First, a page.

Shin'en Multimedia is a developer likely to be well-known to Nintendo download enthusiasts, with the company having made multiple appearances on Wii and 3DS, in particular. Some of its releases, such as Jett Rocket and Art of Balance TOUCH!, have been among the best titles on WiiWare and the 3DS eShop, respectively, while the small team arguably hit a peak in combining graphical prowess with enjoyable gameplay with North American 3DS retail release Nano Assault.
While that title went for the conventional boxed distribution, it's notable that the majority of the studio's releases have opted for Nintendo's download services, which provide an easier entry point for companies to self-publish without large marketing and distribution budgets. Nano Assault EX is on the way to 3DS eShop, an expanded and improved version of the retail release, while the all-new Nano Assault Neo was one of a select group of day one downloads on Nintendo's latest eShop on Wii U. The appearance of Shin'en on the service was little surprise considering the enthusiasm it shows for Nintendo's download stores, telling us in our last interview that the team believes "the best is yet to come on digital."
With that in mind we spoke, once again, with Manfred Linzner, a key part of the small team that produces the studio's titles. This time the focus was purely on the Wii U eShop.
Nano Assault Neo picks up with the series style established on 3DS, with shmup battles taking place against a variety of enemies on cells, which affords a distinct visual style as well as full 360-degree environments. These contained environments offer a twist on genre conventions of flat arenas or, more commonly, scrolling vertical or horizontal screens, and in the case of the 3DS offered a pleasing auto-stereoscopic effect. With Wii U that's off the table, but in its place is a beautiful level of visual fidelity that utilises power that would have been beyond the means of Nintendo's last generation Wii. When asked whether producing such a striking graphics engine was a major challenge for the team, Linzner said that, actually, it made their job easier.
It's much easier to do an impressive looking game on the Wii U then on the previous consoles we worked for. For us it was often more of a problem on previous consoles to scale down the quality to a working level. Now on Wii U we can finally deliver the quality we always were looking for.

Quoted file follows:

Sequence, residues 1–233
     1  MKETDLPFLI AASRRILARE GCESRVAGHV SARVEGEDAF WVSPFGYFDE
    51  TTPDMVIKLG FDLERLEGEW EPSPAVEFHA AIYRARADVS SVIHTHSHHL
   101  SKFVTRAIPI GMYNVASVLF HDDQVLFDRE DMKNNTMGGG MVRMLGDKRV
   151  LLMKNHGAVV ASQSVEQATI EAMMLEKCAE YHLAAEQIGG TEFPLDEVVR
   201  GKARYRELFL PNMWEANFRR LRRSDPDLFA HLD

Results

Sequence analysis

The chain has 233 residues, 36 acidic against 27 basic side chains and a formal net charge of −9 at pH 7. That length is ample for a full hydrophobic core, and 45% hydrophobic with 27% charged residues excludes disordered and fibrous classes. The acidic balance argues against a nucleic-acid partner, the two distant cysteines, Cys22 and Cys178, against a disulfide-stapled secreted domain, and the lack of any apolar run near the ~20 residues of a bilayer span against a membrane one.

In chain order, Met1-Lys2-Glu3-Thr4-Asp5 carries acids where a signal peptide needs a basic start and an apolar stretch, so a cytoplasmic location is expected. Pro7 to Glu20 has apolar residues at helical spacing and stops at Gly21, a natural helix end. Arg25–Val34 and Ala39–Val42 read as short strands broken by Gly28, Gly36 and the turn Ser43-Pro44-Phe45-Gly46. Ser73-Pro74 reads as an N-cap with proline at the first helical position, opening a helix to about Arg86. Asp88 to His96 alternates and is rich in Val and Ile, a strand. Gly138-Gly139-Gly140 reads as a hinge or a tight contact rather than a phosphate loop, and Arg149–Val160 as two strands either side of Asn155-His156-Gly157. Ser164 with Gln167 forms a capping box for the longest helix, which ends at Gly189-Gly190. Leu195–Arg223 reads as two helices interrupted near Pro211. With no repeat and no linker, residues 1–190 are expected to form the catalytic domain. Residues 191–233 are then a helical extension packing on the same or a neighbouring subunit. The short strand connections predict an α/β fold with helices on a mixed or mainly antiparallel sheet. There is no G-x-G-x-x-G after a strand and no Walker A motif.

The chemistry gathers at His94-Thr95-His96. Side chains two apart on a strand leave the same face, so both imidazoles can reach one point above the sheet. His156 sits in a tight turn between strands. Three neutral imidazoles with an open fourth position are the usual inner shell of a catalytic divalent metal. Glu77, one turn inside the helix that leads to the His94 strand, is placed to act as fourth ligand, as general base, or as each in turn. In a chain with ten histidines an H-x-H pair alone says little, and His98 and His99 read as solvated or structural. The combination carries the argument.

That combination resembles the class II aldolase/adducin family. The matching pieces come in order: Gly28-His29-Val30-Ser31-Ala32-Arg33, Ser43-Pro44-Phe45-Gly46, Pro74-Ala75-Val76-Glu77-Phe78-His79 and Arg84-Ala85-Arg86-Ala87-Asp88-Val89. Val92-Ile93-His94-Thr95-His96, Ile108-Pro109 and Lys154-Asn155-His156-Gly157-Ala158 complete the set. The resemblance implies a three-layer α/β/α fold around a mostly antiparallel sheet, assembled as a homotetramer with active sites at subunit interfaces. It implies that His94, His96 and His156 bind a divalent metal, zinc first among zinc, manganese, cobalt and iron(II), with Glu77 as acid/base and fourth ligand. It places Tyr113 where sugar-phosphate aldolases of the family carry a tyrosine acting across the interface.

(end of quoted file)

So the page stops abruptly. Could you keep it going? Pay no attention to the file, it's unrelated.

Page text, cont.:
An appearance on launch day was made all the more likely by the fact that the title was completed, aside from optimisation and checks for the platform, by September. Two months may not seem like a lot of time to be ready before launch, but as we've seen in our interviews with developers such as Frozenbye, development crunches are common. For Shin'en, the situation seemed to be well under control and allowed for greater exposure ahead of release. "It was important to have the game ready soon enough because it was also showcased at several events, and we had to concentrate after finishing the game to be up to date with all SDK requirements."
While early sales, judging from the Wii U eShop's own charts, have represented a mixed bag for download-only games, with some being usurped by retail offerings, Shin'en's release has been on a strong run. Coming in at the lower price bracket has served the arcade-style score chasing title well; it's been consistently in the top five in Europe and North America, including some spells at number one. Linzner described the fan response as "overwhelming", telling us that Nano Assault Neo was one of the company's "fastest selling games ever". Notably, we were told that Shin'en isn't planning any price promotions along the lines of what we've seen on the EU store in recent weeks — though none have appeared on the NA equivalent — as Linzner stated that gamer response justifies the original cost.